- Pay for what is used. With a cloud storage service, customers only pay for the storage they actually use so there’s no need for big capital expenses. While cloud storage costs are recurring rather than a one-time purchase, they are so low that even as an ongoing expense they may still be less than the cost of maintaining an in-house system.
- Utility billing. Since customers only pay for the capacity they’re using, cloud storage costs can decrease as usage drops. This is in stark contrast to using an in-house storage system, which will likely be overconfigured to handle anticipated growth; so, a company will pay for more than it needs initially, and the cost of the storage will never decrease.
- Global availability. Cloud storage is typically available from any system anywhere at any time; one does not have to worry about operating system capability or complex allocation processes.
- Ease of use. Cloud storage is easier to access and use, so developers, software testers and business users can get up and running quickly without have to wait for IT to allocate and configure storage resources.
- Offsite security. By its very nature, public cloud storage offers a way to move copies of data to a remote site for backup and security purposes. Again, this represents a significant cost-savings when compared to a company maintaining its own remote facility.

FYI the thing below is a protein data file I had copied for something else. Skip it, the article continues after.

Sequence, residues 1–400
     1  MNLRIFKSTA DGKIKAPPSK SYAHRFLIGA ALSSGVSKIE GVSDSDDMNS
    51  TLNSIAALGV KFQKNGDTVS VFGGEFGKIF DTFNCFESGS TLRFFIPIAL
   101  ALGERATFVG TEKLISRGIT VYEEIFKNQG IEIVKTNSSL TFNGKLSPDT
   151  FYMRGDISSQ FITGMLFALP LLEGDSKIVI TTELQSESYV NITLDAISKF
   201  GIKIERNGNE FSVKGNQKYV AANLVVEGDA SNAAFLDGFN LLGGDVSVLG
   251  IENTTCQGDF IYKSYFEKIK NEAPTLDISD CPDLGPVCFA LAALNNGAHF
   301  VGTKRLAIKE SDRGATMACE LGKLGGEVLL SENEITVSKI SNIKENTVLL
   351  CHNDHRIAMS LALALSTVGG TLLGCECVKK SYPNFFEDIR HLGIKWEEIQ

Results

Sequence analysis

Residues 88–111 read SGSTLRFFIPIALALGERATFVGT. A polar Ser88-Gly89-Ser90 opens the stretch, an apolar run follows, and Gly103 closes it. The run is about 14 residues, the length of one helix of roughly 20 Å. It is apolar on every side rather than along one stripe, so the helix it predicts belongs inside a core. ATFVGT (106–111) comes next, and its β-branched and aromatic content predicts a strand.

An in-house cloud storage system can offer some of the above ease-of-use features of a public cloud service, but it will lack much of the storage capacity flexibility of a public service. Some hardware vendors are trying to address this issue by allowing their customers to turn on and off capacity that has already been installed in their arrays.
Drawbacks of cloud storage
There are some shortcomings to cloud storage — particularly the public services — that may deter companies from using these services or limit how they use them.
Security is the single most cited factor that may make a company reluctant — or at least cautious — about using public cloud storage. The concern is that once data leaves a company’s premises, the company no longer has control over how it’s handled and stored. There are also concerns about storing data that is regulated by specific compliance laws. Cloud providers address these concerns by making public the steps they take to protect their customers’ data, such as encryption for data in flight and at rest, physical security and storing data at multiple locations.
Access to data stored in the cloud may also be an issue and could significantly increase the cost of using cloud storage. A company may need to upgrade its connection to the cloud storage service to handle the volume of data it expects to transmit; the monthly cost of an optical link can run into the thousands of dollars.
A company may run into performance issues if its in-house applications need to access the data it has stored in the cloud. In those cases, it will likely require either moving the servers and applications into the same cloud or bringing the necessary data back in-house.
If a company requires a lot of cloud storage capacity and frequently moves its data back and forth, the monthly costs can be quite high. Compared to deploying the storage in-house, the ongoing costs could eventually surpass the cost of implementing and maintaining the on-premises system.